After a few hours exploring fabrics and trends, the quest for sustenance becomes of primary importance. These places can help.
Details by London-based writer Oliver Horton.
The Standard hotel has transformed one of London’s least-loved buildings into one of the city’s hottest destinations. Formerly council offices, the 1970s eggbox-like site has been scrubbed and reglazed, fitted with a panoramic lift, dressed like a Wes Anderson set and given three worthwhile restaurants: Double Standard, Isla and Decimo. Last to open (in October ’19), Decimo is the cherry on the cake – it’s up on the roof. Blessed with a fantastic wraparound view and strewn with tropical plants, Decimo dining is Mexican luxe, via double-Michelin-star chef Peter Sanchez-Iglesias. The hotel lobby features a hip little library, in case you forget to book (badoom tish).
10 Argyle Street WC1H
This is a cheat since it’s also a wonderful clothing store. But coffee is served, so we’re crying fair. And it’s on the Denim PV District shops tour, a self-guided walkabout of delightful denim retail organized by Première Vision’s London crew: show your badge and coffee becomes free. Clutch Café is just five minutes from Oxford Circus in a less travelled but richly rewarding part of town. Clutch is a Japanese magazine for vintage/repro Americana, and the store has a great array of publications. But you won’t be able to stay away from the clothing, which dresses half the ground floor and the entire basement. Brands include Buzz Rickson, Mr Freedom and The Real McCoy’s. The latter has a standalone store on Henrietta Street in Covent Garden, opposite Nigel Cabourn’s. If you’re out that way, pop into Santa Nata at 7 New Row for coffee and a custard tart.
78 Great Portland Street W1W
Seven Dials Market
Seven Dials Market is a new food court by Kerb. If the name seems familiar, Kerb is organizer of the street food market at this edition of Denim Première Vision! Seven Dials, a romantic roundabout with seven paths of escape, is in Covent Garden but a hop-skip-and-a-jump from Soho. Seven Dials Market is a former banana warehouse that also did time as the Thomas Neal Centre, home to skate-friendly brands until a few years ago. Now it’s wheelcakes and whiskies, coffee and cocktails; vegan-Mex at Club Mexicana or Venezuelan fried chicken at El Pollotte. Earlham Street, if you amble beyond Fred Perry and across Seven Dials, embraces The Vintage Showroom and Finisterre, plus Oi Polloi’s new London store.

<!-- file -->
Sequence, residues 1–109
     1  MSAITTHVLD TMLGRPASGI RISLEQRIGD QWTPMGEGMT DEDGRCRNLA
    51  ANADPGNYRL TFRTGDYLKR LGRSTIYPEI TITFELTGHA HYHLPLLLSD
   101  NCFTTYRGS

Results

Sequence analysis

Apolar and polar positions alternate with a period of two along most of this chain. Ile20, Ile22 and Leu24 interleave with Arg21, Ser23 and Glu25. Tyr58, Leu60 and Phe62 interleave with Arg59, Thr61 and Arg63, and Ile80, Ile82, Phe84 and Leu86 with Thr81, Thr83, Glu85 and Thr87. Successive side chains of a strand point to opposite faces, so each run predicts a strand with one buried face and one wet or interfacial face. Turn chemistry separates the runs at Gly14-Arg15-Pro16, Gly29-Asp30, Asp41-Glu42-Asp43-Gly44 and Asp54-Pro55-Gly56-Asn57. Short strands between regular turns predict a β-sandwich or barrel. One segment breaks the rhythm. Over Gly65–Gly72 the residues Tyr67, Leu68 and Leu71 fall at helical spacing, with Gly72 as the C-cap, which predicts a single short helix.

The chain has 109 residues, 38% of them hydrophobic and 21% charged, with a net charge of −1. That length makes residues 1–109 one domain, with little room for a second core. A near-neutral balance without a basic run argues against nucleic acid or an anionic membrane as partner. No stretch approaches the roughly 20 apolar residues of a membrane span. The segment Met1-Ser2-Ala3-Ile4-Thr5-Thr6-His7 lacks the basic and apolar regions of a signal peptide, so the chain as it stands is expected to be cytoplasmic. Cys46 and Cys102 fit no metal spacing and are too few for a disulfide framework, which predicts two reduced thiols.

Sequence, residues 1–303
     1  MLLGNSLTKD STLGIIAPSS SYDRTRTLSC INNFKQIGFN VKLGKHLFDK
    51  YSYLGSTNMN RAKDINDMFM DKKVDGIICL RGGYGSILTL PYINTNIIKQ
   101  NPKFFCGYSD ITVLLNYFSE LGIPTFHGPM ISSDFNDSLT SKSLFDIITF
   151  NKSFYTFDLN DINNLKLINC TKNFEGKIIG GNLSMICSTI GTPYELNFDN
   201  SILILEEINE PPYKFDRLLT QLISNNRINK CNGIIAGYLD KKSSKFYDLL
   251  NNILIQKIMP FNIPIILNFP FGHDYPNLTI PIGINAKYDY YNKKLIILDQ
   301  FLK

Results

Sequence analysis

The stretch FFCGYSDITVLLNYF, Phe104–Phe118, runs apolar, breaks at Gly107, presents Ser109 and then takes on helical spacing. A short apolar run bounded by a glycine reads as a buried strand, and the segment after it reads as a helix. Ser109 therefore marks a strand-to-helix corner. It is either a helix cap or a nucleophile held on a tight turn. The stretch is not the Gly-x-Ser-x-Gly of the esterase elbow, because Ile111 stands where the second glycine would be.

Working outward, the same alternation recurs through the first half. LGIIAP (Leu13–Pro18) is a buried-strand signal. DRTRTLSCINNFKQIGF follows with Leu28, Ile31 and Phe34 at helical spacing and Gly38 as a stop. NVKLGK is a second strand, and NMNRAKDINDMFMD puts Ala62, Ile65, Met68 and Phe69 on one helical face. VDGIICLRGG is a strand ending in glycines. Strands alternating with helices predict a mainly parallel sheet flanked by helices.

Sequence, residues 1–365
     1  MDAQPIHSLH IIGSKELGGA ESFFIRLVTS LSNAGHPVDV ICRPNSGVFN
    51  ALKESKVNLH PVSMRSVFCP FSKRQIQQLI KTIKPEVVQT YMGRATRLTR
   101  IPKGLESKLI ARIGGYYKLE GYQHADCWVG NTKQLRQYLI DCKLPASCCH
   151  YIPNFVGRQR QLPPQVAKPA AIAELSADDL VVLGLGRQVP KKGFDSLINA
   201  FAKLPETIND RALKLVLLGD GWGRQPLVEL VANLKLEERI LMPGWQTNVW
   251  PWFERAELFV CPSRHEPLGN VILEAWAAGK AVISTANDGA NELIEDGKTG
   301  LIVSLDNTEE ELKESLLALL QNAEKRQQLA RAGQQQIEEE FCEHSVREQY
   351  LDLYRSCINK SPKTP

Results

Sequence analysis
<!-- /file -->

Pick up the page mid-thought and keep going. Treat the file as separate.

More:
35 Earlham Street WC2H
Xi’an Biang Biang Noodles
If you only go to one Chinese restaurant in London… or, to be honest, only one restaurant… Xi’an Biang Biang Noodles has the advantage of being walking distance to Denim Première Vision’s Tuesday-night party (which takes place at Cargo on Rivington Street). Xi’an Biang Biang Noodles is canteen-style diner, serving hand-pulled noodles and other classic Chinese dishes. Let the waitron be you guide, but the beef with ribbon noodles is what you’ll tell your friends about. Be warned: chilli splashes are a risk if you eat quickly. And it’s tempting to eat quickly. For the sake of variety try sibling restaurant Sichuan Folk on nearby Hanbury Street.
62 Wentworth Street E1
Temple of Seitan
Evidence that veganism is the devil’s work? In name only. Temple of Seitan is leading a wave of vegan fast food. The food at this Hackney take-out joint is fried chicken and burgers, at least in look and texture. There’s nothing animal here, of course. The key ingredient is seitan, aka wheat-meat. Very tasty but if you’re sensitive to gluten be warned: essentially, these ethical concoctions are gluten sandwiches. Many people come to Morning Lane for the outlet stores: Burberry, Aquascutum, Pringle… and the likes of Nike nearby.
5 Morning Lane E9
Come to discover: